Can the Negative Cardiac Effects of Sedentary Aging be Reduced?

Older Adult Exercising on Treadmill According to the results of a recent randomized exercise trial1 in which healthy, sedentary middle age participants were randomized to two years of exercise training or attention control, there is high promise for the phrase “it’s not too late to start exercising”. Because poor fitness during middle age is associated with increased cardiac stiffness, poor fitness is a potent predictor of future risk of heart failure. This is especially true for heart failure with a preserved ejection fraction (HFpEF). This study demonstrated that two years of exercise training improved fitness (defined as maximal oxygen uptake) and decreased cardiac stiffness as measured by calculations obtained from right heart catheterization, 3-dimensional echocardiography, and diastolic pressure-volume curves.1

 The participants who were randomized initially in this study were 29 men and 32 women, and they ranged from 49 to 55 years of age. Around 80% were white. Eligibility included sedentary status, defined as not exercising for 30 minutes three times a week. Other factors which led to exclusion were the presence of hypertension, obesity, untreated hypo- or hyperthyroidism, obstructive sleep apnea, chronic obstructive pulmonary disease, tobacco use during past ten years, coronary artery disease, or structural heart disease.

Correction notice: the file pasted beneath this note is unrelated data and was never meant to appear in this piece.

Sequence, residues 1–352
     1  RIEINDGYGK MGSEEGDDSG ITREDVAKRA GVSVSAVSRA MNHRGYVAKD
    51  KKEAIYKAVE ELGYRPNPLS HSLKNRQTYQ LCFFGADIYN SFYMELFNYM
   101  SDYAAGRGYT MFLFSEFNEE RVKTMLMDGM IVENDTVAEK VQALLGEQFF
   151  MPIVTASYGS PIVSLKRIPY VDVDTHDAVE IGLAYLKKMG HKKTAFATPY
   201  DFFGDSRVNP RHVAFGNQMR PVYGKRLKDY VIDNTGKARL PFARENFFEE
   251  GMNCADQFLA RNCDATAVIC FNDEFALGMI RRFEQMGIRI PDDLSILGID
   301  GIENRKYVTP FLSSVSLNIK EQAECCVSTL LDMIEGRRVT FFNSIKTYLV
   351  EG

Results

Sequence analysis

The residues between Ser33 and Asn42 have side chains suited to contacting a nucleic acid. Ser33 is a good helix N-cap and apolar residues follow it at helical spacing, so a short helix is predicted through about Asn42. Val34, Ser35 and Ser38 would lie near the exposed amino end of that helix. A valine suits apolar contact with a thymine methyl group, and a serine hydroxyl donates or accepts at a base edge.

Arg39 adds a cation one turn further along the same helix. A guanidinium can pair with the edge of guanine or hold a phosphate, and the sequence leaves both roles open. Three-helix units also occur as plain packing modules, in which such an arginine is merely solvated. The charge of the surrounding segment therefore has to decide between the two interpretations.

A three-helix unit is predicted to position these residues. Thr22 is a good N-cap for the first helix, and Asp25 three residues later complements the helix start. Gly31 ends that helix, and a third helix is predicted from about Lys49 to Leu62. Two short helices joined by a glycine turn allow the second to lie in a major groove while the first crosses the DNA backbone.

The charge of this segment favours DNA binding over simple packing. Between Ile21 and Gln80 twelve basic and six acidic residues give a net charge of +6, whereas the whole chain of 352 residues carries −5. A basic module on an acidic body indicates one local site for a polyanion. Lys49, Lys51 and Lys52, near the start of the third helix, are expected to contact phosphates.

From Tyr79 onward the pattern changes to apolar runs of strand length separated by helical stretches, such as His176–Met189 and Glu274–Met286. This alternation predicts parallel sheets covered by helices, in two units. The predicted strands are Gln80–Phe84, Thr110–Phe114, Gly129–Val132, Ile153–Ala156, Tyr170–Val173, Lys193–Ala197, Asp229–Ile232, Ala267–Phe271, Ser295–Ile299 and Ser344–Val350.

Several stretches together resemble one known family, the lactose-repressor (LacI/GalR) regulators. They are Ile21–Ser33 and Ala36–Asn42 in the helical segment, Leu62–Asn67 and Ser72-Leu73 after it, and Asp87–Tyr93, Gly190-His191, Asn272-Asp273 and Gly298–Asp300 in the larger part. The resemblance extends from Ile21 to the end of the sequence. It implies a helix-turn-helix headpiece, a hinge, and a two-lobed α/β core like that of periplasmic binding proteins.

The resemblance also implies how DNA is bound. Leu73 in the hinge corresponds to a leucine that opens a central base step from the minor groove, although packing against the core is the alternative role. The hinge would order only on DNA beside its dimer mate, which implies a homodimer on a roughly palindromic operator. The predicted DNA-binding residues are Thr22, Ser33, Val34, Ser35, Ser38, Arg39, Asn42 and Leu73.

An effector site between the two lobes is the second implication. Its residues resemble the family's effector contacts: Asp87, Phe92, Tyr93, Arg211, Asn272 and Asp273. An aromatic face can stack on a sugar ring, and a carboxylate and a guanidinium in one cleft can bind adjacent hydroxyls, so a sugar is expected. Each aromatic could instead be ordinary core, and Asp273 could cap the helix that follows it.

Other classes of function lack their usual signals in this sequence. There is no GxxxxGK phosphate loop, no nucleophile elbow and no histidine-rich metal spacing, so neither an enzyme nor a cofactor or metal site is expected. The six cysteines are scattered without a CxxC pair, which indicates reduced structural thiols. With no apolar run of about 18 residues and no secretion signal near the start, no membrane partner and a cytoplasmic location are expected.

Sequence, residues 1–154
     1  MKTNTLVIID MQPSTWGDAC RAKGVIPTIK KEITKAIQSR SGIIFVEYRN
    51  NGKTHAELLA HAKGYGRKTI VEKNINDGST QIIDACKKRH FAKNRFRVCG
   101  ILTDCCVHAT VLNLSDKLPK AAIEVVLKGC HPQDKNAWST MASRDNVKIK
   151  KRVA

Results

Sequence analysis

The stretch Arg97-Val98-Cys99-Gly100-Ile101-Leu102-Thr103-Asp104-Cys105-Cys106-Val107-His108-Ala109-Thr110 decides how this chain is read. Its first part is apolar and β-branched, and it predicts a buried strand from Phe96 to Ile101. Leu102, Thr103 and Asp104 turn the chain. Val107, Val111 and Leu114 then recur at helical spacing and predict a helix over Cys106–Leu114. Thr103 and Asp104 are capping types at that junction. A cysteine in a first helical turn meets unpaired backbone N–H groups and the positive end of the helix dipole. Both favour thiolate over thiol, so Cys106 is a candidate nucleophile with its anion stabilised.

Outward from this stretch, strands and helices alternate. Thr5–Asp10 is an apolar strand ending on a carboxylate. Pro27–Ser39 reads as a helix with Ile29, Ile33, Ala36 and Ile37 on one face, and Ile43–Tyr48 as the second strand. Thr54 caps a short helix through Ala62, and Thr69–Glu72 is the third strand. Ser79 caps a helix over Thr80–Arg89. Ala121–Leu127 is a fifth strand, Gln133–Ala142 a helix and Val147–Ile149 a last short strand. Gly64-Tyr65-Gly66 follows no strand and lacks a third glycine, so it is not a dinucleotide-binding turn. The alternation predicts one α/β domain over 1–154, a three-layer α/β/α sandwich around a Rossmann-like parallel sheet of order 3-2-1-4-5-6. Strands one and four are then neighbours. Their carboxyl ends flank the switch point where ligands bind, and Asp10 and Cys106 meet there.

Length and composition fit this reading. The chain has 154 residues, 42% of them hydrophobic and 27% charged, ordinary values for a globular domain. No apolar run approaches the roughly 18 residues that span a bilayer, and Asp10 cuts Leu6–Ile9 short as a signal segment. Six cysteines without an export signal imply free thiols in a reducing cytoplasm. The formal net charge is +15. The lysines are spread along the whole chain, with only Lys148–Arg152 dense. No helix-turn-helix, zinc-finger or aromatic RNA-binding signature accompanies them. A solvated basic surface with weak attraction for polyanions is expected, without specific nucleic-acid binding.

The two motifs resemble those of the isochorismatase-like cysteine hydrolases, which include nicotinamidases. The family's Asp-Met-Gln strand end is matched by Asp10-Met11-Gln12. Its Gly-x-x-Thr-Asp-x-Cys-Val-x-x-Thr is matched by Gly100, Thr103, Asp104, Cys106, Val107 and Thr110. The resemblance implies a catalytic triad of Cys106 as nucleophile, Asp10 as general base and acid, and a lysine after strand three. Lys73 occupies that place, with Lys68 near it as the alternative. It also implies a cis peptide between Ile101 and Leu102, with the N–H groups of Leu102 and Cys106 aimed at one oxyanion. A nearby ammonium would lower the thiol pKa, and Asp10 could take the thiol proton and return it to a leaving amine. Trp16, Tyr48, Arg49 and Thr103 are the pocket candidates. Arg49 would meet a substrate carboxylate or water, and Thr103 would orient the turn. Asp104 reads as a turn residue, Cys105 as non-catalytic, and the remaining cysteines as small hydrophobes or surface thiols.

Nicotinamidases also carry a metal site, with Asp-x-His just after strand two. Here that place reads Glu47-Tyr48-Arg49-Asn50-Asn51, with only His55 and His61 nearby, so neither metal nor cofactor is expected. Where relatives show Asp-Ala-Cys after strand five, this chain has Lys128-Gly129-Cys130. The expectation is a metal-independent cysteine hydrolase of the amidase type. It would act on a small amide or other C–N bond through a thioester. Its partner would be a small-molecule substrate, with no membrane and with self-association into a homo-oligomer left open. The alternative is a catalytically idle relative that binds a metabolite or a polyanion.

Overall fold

The exercise protocol was a progressive individualized training plan in which the exercise training frequency, duration, and intensity were increased over time. An exercise physiologist met with each participant every month of the trial. The initial program was three 30-minute sessions per week, which progressed such that by six months participants were training 5-6 hours a week. This level was maintained until month ten, at which time an individual maintenance plan was developed. To facilitate participant preferences, a variety of exercise including treadmills, elliptical trainers, running on trails, cycling, and swimming was allowed. Strength training twice a week was also added. The attention control group was prescribed a combination of yoga, balance and strength training three times a week for two years. Both groups kept activity logs and wore Polar heart monitors to document their compliance with the protocol. Interestingly, the compliance to this rigorous high-intensity training was 88%.

The results of reduced left ventricular stiffness in the exercise group provides exciting guidance for helping to reduce the risk for subsequent HF in middle-aged adults who have had sedentary lifestyles. Yet the limitations of the study must be acknowledged in attempting to use for practice or design subsequent studies. For example, the participants were rigorously screened and volunteered for the high-intensity regimen, which may not apply to adults in general. Additionally, the small sample size and lack of diversity limit the generalizability to other racial groups. Nevertheless, the results are encouraging for an endurance type training program that negates the aging process, helps preserve ventricular compliance, and supports exercise guidelines. 

  1. Howden EJ, Sarma S, Lawley JS, Opondo M, Cornwell W, Stoller D, Urey MA, Adams-Huet B, Levine BD .Reversing the Cardiac Effects of Sedentary Aging in Middle Age-A Randomized Controlled Trial: Implications For Heart Failure Prevention. Circulation. 2018 Jan 8. pii: CIRCULATIONAHA.117.030617. doi: 10.1161/CIRCULATIONAHA.117.030617. [Epub ahead of print]

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